Culture Shock - Why this northerner has no sympathy for Football
One thing I have discovered this year is that some politicians are completely inept when it comes to explaining a point.
In order to understand what they actually mean, you have to treat their statements as if they are Shakespearean quotes and try to figure out the hidden meaning.
Many times I have found myself reading a statement from an MP and finding myself having to do the same kind of analysis I did for my English Literature A Level.
Is it so hard to say what you mean?
Misquoted or misspoke?
This week, it was Jake Berry (MP for Rossendale and Darwen) who had difficulty explaining himself and received quite a bit of backlash after stating:
'For many people who live in London and in the South of England, things like the opera house and the ballet will be [at] the heart of their culture, but in the North of England, for many of us it is our local football club.'
Now, I understand the point that Mr Berry is trying to make, local football clubs have the same impact on the community as local theatre, brass bands and pubs and it would be a great loss if they folded, but using such stark comparisons is not helpful to the cause.
He has since argued that he was misquoted and he wasn't trying to compare the north to the south or opera to football.
Again, a point I could sympathise with ( we know what the media can be like) until I actually watched the video of him making this statement (which is directly quoted above).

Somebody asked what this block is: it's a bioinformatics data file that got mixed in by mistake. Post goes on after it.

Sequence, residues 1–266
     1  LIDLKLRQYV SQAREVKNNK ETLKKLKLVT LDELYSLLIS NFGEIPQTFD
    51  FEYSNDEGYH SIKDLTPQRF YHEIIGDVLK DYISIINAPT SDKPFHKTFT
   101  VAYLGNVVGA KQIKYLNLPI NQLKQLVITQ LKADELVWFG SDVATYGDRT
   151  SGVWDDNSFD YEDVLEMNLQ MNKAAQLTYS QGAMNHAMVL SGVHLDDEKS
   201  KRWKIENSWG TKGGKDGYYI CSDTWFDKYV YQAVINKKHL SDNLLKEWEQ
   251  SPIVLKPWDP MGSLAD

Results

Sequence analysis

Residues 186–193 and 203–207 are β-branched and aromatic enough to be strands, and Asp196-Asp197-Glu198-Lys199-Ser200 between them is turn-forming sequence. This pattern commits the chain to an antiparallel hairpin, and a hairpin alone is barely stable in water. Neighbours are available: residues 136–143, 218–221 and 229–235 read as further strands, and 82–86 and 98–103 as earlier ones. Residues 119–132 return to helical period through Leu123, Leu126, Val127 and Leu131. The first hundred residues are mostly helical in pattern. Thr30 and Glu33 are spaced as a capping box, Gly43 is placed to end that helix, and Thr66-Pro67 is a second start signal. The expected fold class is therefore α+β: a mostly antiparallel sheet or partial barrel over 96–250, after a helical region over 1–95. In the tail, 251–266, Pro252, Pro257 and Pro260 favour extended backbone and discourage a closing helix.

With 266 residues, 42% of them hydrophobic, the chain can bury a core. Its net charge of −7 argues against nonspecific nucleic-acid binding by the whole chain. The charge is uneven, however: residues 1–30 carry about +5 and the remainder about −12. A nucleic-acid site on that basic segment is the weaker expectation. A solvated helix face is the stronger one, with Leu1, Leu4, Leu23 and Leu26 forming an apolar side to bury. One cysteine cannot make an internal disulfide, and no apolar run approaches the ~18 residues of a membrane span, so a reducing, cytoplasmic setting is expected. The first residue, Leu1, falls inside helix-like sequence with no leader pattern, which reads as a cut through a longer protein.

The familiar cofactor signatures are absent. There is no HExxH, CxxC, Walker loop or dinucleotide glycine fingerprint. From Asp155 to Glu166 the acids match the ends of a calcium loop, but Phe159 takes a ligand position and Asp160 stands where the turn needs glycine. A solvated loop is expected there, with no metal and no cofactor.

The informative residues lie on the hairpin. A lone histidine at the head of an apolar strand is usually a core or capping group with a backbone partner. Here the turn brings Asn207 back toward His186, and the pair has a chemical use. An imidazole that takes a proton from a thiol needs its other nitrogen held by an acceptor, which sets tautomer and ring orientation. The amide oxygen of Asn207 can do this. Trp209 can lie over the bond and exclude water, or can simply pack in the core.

Unfortunately, if his intention wasn't to compare the north and south or the arts to sport, the problem lies with how the point was expressed, not how it was quoted.
I think the term misquoted has been confused with misspoke in this scenario.
He has since posted an essay on Twitter, explaining what he actually meant to say:
This just shows how important it is to explain yourself properly when you are in politics.
People might show more empathy and less hostility if you stick to the point and try not to be creative with fluffy comparisons including outdated stereotypes that suggest the north is less cultured and sophisticated than the south.
There are people in my life from both the North and South who love the arts, as well as football and I don't think there is a need for comparisons in this way.
However, just to show how stupid this comparison is, I have put together a small list of just some of the North's artistic institutions and imports:
Venues and Institutions
The Halle Orchestra - Manchester
BBC Philharmonic - Manchester
Palace Theatre - Manchester
Manchester Opera House
Bridgewater Hall - Manchester
Lowry Theatre - Salford
Royal Northern College of Music - Manchester
Northern Ballet School - Manchester
Chethams School of Music / Stoller Hall - Manchester
Everyman Theatre - Liverpool
Liverpool Playhouse Theatre
Liverpool Institute for Performing Arts
Blackpool Opera House
Blackpool Grand Theatre
The Beatles - Liverpool
Oasis - Manchester
Frankie Goes to Hollywood - Liverpool
Cilla Black - Liverpool
Mel C (Spice Girls) - Liverpool
Mel B (Spice Girls) - Leeds
Sting - North Tyneside
Robson Green - Northumberland
Ridley Scott - South Shields
Jodie Comer - Liverpool
Stephen Graham - Liverpool
Take That - Manchester
The Smiths - Manchester
I could go on and on, but I hope this illustrates the point that saying the heart of the North is just football is a mistake.
Welcome to our world